Sourav Ganguly had a chequered career for Bengal and India. From hitting century on Test debut, to leading the Indian team in the finals of 2003 World Cup; Ganguly took an Indian team, that was down on morale after the match fixing scandal and made them into world beaters.
Cricbuzz.com interviewed Sourav Ganguly as his autobiography ‘A Century is Not Enough’ is enthralling the fans and critics alike. Here are the excerpts from the interview.
Ganguly described his international career as, “It was like a roller-coaster ride with many highs and lows. When you are young, it is tough to face rejection and failure. But deep down I knew I had the ability to succeed.”
Talking about losing his captaincy, Ganguly said, “That was the darkest phase. It was so unfair. Not just captaincy, I lost my place thrice during this period. I was being picked only to be dropped. It seemed I was on trial every time I went out to bat. It was my self-belief that kept me going. Every time I was dropped, I went back and worked harder in the nets and scored runs in domestic cricket.”
Talking about the point when Indian cricket team turned a new leaf, Ganguly pointed out the historical Eden Gardens Test of 2001 Border-Gavaskar series against Australia.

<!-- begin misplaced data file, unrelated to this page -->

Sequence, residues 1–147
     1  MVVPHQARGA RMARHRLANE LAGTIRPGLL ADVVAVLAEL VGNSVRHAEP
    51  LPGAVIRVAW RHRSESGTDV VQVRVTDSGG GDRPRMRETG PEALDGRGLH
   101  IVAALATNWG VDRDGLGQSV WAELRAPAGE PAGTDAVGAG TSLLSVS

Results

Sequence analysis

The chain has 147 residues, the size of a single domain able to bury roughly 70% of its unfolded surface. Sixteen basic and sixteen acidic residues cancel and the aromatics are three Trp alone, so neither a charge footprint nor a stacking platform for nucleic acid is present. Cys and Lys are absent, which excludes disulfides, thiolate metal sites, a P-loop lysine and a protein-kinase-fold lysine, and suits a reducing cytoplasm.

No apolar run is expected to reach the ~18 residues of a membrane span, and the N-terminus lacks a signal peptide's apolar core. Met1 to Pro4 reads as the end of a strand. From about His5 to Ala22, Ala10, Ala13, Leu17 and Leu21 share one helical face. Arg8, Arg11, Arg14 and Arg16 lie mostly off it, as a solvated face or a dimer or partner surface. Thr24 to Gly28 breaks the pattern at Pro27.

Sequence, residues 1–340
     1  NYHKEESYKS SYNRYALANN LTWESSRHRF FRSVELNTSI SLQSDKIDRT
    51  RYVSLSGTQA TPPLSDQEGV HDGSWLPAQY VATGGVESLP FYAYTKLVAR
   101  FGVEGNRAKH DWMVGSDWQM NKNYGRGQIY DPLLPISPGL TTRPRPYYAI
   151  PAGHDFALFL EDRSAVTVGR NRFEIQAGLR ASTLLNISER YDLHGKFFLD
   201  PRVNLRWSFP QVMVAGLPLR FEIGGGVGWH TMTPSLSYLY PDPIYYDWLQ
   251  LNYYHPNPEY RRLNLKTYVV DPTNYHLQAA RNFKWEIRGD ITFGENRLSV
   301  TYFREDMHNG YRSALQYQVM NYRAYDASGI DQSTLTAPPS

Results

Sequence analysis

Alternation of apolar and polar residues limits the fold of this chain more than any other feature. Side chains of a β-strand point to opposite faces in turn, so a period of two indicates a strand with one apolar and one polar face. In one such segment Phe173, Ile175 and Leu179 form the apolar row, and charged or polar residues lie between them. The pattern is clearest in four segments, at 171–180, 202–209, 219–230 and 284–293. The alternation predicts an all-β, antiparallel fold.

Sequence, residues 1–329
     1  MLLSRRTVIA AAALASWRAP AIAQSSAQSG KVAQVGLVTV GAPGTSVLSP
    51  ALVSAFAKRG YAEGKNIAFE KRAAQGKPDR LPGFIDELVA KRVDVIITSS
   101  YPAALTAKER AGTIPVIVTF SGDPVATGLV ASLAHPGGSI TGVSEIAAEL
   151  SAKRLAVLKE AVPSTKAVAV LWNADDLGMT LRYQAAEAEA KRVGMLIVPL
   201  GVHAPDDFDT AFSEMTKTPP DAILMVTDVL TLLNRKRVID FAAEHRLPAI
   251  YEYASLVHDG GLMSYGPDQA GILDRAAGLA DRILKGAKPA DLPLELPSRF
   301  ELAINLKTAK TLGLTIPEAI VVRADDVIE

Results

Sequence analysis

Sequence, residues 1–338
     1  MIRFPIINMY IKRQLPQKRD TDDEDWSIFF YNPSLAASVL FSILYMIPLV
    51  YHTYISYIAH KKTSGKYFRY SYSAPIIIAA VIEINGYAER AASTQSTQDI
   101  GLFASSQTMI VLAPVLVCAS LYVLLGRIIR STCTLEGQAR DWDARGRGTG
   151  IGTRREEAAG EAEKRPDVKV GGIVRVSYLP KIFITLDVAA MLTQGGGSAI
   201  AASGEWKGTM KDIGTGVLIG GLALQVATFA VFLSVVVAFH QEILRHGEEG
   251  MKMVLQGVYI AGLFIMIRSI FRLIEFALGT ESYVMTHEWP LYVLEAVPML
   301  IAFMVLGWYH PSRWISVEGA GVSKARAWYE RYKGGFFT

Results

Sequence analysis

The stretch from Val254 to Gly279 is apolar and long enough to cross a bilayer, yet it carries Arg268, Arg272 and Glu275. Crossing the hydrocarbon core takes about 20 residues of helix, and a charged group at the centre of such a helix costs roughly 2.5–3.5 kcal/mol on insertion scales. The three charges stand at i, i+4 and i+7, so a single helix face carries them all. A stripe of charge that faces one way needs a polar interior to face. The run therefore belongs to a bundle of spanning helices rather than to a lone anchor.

He said, “If players are too worried about keeping their place in the side, they are likely to play it safe. Players should focus entirely on winning matches and never think negatively. Once I spotted potential in a player, I picked him and backed him to succeed. More often than not, they did.”
Talking about his decision to retire, Ganguly explained, “For three years -- between 2005 and 2008 -- I fought a lonely battle. I scored runs everywhere. Moreover, I was batting better than ever in my career. In spite of that, I seemed to be on trial. When the situation did not change even in 2008, under a new captain and a new selection panel, I felt enough was enough.”
Talking about captaining India, Ganguly said,” It is a great honour to lead your country, but it is also a high-pressure job. There are scores of instances where players have given up the hot seat because of the pressures involved. It intrudes on your personal space. I enjoyed my stint at the helm and we had a string of impressive results.”
He further said, “If you look back, you will see that some of the best things in Indian cricket have happened by accident. Had Sachin Tendulkar not chosen to give up the job, I would have had to wait. The Indian captaincy, however, came to me at a very challenging time. The cricket world was reeling under the match-fixing saga. Also, we had lost a number of senior players and as a captain I had to rebuild the team.”
Talking about how he groomed Sehwag, Yuvraj and Zaheer Khan, Ganguly explained, “If players are too worried about keeping their place in the side, they are likely to play it safe. Players should focus entirely on winning matches and never think negatively. Once I spotted potential in a player, I picked him and backed him to succeed. More often than not, they did.”